Employment Outlook & Career Guidance for Geriatric Social Work
Gerontological social workers are professionals who meet the biological, social, and psychological needs of older adults; usually those over 65 years of age. According to the US Census Bureau, between the years, 2010 and 2050, the US is projected to see rapid growth of all individuals over the age of 65. In 2050 the number of Americans aged 65 and older is projected to be 88.5 million, which is more than double the population of 40.2 million in 2010. The Council on Social Work Education reports that by 2030, 20 percent of the population will be age 65.
The importance of the baby boom generation (the fastest growing group in the US) in shaping the overall population is illustrated by the accelerated job growth for Geriatric Social Workers projected over the next decade – with the US Bureau of Labor Statistics (BLS) reporting 19 percent job growth (which is faster than average for all occupations) between the years of 2012 and 2022
Geriatric Social Workers Career Options
Sparked by the growth in an aging population, the demand for trained geriatric social workers will no doubt create excellent job prospects for individuals wishing to enter this field. This is especially true for geriatric social workers choosing to work in rural areas.
Geriatric social workers typically work a regular 40-hour workweek, but may work split shirts, evenings, nights and weekends, and holidays, depending on job venue and seniority. The median average wage, as reported by the BLS is 2012 was just over $44,200, annually. Individuals employed as home health aids made significantly less, at just over $20,000 per year. As with all occupations, salary is also dependent on education level, sector, and location.
Typical Employment Settings for a Geriatric Social Worker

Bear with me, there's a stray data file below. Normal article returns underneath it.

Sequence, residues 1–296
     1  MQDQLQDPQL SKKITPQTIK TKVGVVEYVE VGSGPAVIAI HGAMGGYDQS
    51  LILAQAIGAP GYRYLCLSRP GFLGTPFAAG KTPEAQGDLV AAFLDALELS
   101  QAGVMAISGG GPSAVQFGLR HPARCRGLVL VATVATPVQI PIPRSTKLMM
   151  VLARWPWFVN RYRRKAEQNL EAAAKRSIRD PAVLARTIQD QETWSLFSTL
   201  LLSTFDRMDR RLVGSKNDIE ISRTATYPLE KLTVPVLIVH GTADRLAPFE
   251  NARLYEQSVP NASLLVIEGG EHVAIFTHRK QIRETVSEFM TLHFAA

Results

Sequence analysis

Geriatric Social Workers are employed in a wide variety of settings, including:
- Mental health clinics
- Educational Institutions
- Human services agencies
- Adult Day Care Centers
- Adult Protective Services
- Elder Abuse Programs
- Alcohol and Substance Abuse Agencies
- Assisted Living Facilities
- Bereavement Services
- Employment and Volunteer Programs
- Faith-Based Organizations
- Family Services Organizations
- Private Practice
- Home Health Care
- Senior Centers and Senior Housing Facilities
- Information and Referral Agencies
- Life Care Communities
- Outpatient Primary Care Settings
- Planning Agencies
- Developmental Disabilities Service Areas
- Nursing Homes
- Nutrition Programs
- Private Care Management
- Protective Services
- Respite Programs
- Public Social Service Agencies
- Rehabilitation Centers
- Research Centers
- Veterans Services
Although not typical places of employment, geriatric social workers might also work in the design department or in quality control for a manufacturer of assistive technology and other products designed for the elderly. They may be employed by pharmaceutical companies to help in the development of marketing strategies, or in human resources for large and small companies, life-coaching settings, or in financial planning.